Regulators must stay ahead of the coming wave of loan defaults



Relief programs created during the COVID-19 pandemic have allowed many Americans to suspend the payment of their largest debts, especially mortgage as well as student loans… Other people have come to terms with Auto loan as well as credit card creditors for payment. This relief has helped many people survive by freeing up money to pay for basic necessities.

But patience does not mean forgiveness. People will have to face debt obligations related to mortgages, car loans, credit cards and student loans. However, in the meantime, people were faced with constant unemployment as well as depleted what little savings they could have. Many may not be able to resume all of their regular debt payments. And people who did not need patience during a pandemic may be in danger of defaulting on their debts.

The pandemic has caused disproportionate damage to communities of color, especially black women. Considering pre-existing households wealth inequalityBlack Americans and other minorities are likely to bear the brunt of the economic impact of the pandemic. In part, this will lead to the need to ask your lenders to amend the loan.

Centers for Disease Prevention and Control recently extended a moratorium on evictions until the end of July in hopes of preventing mass evictions and giving states time to think about how to help rent housing. Likewise, a wave of requests to change loans for a number of consumer debts is approaching. Lenders are currently unprepared for this obstacle, which will be disastrous for families and the economy.

The 2008 financial crisis showed us how poorly prepared many lenders offered successful debt repayments. Problem borrowers were targeted at the so-called debt settlement companieswhich will collect preprocessing fees without any results.

It is time for policymakers and financial regulators to learn from their mistakes during the Great Recession, leaving people to decide how to manage their debts. IN recent articleWe advocate government intervention in the modification of consumer debt contracts to induce people to affordable modifications or, if there are no available options, to direct people to a consumer bankruptcy system.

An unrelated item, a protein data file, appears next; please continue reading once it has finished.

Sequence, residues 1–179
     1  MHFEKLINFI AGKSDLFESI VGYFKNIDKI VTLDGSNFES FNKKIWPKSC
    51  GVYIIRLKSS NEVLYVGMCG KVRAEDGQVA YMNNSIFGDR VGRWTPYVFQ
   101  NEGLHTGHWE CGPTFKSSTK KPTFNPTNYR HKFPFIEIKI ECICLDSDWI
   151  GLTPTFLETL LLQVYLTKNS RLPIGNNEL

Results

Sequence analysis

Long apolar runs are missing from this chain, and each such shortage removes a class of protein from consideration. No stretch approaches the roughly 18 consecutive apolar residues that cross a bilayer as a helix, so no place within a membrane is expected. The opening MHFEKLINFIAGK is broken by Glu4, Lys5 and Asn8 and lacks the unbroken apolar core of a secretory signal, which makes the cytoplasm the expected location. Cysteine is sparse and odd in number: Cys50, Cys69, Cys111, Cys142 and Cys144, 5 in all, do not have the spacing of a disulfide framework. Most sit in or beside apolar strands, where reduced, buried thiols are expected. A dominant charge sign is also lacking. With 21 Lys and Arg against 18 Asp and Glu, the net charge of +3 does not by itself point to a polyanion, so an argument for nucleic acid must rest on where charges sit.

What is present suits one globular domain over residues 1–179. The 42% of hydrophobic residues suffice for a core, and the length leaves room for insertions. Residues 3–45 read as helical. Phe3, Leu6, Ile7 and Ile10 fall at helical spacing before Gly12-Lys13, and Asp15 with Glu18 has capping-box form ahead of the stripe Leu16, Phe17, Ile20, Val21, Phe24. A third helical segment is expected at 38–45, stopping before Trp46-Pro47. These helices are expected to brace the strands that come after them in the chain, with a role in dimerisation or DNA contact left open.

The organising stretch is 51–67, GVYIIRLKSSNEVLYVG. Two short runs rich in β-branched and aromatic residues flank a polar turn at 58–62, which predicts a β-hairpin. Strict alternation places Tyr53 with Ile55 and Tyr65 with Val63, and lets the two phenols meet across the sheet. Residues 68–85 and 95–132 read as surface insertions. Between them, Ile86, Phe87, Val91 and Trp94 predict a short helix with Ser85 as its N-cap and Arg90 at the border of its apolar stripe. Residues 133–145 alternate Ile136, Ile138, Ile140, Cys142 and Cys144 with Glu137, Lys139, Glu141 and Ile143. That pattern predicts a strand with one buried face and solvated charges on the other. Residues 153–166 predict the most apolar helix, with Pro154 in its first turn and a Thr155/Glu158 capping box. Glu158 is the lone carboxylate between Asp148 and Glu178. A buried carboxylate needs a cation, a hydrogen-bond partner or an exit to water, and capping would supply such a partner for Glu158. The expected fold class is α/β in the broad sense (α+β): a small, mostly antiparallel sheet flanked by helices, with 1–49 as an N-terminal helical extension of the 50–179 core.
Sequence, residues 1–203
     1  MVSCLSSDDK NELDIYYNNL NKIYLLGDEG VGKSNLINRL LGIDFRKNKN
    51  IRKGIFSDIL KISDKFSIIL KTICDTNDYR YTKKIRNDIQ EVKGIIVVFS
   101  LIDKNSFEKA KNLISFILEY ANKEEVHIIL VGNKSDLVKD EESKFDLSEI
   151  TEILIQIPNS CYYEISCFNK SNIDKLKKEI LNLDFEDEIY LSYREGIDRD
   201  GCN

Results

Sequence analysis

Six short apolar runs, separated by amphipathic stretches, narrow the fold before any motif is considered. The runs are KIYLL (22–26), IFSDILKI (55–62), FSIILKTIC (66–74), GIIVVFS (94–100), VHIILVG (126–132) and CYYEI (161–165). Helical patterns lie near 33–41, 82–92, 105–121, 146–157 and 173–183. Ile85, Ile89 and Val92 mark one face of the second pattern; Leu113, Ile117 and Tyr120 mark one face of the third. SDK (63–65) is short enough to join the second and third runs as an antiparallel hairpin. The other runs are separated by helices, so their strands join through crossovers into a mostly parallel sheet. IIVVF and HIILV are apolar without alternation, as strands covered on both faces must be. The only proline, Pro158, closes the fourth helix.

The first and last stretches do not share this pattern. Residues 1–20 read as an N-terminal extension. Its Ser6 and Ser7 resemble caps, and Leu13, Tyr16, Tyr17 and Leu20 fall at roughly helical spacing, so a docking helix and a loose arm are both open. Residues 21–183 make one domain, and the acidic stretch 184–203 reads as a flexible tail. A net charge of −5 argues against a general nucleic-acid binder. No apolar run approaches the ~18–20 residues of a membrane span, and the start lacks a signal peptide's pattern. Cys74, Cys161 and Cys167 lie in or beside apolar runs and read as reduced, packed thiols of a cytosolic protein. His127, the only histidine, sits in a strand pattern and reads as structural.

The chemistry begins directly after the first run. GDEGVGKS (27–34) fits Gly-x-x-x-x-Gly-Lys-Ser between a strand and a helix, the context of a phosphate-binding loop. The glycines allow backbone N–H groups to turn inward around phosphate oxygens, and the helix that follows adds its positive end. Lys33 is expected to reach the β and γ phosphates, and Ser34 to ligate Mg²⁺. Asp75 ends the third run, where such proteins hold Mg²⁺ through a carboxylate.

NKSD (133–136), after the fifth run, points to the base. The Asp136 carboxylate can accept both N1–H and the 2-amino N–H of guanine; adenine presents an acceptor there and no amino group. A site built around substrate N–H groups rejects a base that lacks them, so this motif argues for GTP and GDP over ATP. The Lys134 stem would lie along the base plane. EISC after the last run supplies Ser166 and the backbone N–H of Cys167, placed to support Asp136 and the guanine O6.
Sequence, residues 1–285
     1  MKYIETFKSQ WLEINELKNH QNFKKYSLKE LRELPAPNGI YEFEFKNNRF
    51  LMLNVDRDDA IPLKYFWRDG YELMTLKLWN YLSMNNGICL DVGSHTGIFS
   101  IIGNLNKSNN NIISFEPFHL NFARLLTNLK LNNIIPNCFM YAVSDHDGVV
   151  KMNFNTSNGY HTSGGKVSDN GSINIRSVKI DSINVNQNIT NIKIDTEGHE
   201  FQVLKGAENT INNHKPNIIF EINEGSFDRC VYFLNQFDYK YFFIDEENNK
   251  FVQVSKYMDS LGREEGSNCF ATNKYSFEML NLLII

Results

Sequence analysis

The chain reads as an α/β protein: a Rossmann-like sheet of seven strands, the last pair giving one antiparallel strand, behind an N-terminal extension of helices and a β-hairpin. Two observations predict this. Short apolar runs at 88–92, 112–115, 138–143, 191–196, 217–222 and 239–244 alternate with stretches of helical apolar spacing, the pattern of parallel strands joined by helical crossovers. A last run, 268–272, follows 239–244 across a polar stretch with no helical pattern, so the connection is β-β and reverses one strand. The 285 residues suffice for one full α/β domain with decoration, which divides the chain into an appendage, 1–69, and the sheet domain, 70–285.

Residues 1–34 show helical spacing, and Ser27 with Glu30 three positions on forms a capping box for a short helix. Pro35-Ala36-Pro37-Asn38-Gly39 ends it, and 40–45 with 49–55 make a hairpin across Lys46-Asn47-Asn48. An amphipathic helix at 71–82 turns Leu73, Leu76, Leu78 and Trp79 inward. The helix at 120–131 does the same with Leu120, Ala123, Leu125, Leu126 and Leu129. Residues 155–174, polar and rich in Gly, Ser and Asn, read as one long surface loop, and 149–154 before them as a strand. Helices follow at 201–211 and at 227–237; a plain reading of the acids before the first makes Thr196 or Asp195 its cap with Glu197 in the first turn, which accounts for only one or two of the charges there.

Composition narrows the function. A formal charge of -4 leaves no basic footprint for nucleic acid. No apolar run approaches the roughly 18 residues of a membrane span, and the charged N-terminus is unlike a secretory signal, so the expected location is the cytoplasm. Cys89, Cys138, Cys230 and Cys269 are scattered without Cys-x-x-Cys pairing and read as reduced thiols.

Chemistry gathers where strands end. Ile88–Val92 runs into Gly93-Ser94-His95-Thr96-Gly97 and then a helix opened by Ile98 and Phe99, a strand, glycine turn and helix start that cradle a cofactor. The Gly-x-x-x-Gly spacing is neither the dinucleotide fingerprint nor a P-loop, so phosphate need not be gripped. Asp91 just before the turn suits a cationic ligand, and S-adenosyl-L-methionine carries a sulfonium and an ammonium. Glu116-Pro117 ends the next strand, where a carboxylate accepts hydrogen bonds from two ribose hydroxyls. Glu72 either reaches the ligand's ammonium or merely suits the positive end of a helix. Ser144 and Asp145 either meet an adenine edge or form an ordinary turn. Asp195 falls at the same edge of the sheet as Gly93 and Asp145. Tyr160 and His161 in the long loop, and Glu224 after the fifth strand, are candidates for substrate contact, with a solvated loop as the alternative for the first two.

We urge the Consumer Financial Protection Bureau to use its authority to prevent what we call modification failures… This is when the borrower’s ability to pay off the debt intentionally, carelessly or simply inattentively is not taken into account when discussing loan modification. The CFPB has the power to detect misconduct or practices by a wide range of financial institutions, including issuers and servicing persons of certain auto loans, credit cards and other installment or revolving loans. It may issue a compliance and enforcement bulletin instructing loan service providers to make a reasonable decision that the borrower is able to make all required planned payments due to any changes. This notification should include factors that maintenance personnel should consider when making a decision. It is important to note that the CFPB may consider the failure of the lender to make a reasonable decision about the abuse of an act or practice.

While some might think that our proposal is too aggressive, this approach is not new. 1994 Congress authorized The Federal Reserve has banned “improper lending practices” on home mortgages in response to concerns about mortgage refinancing. After the Great Recession, the Federal Reserve Board did it legislative powers expressly prohibiting lenders from refinancing mortgage loans “regardless of consumer solvency”.

The same repayment concerns should apply to all consumer lending products, and the CFPB has legislative authority to implement this standard in all modifications offered for all covered consumer loans – mortgages, car loans, credit cards, etc.

Requiring service centers to offer affordable loan modifications will necessarily mean that some people will not receive modifications. But without modification control, some lenders will offer people deals that end up with costly defaults. These defaults will lead to home foreclosures, car seizures and higher wages, leading some people to bankruptcy.

Intercepting erratic loan modifications before they are created is likely to result in some people filing for bankruptcy sooner than if they continued to struggle for years. Bankruptcy expensive… But the same thing happens with the payment of non-performing loan modifications several months before the default. A regulatory structure that pushes people towards productive bankruptcies can reduce overall losses by allowing those who can pay their modified debts to do so. Controlling and monitoring the parameters of transactions can help reduce inequalities in change between communities, eliminating gender and class inequalities and providing greater economic benefits to families and the economy.

The COVID-19 pandemic caused a catastrophic financial shock that many American households were not prepared for. Now is the time for the CFPB to use its credibility to push lenders to offer people effective deals on a range of consumer loans.

Pamela Fuhi is Benjamin N. Cardoso Law School Professor of Law; Dalie Jimenez is Professor of Law at the University of California, University of Irvine School of Law; Christopher K. Odinette is a professor of law at the University of Iowa College of Law. Follow them on Twitter @PamelaFoohey, @DalieJimenez and @ChrisOdinet.


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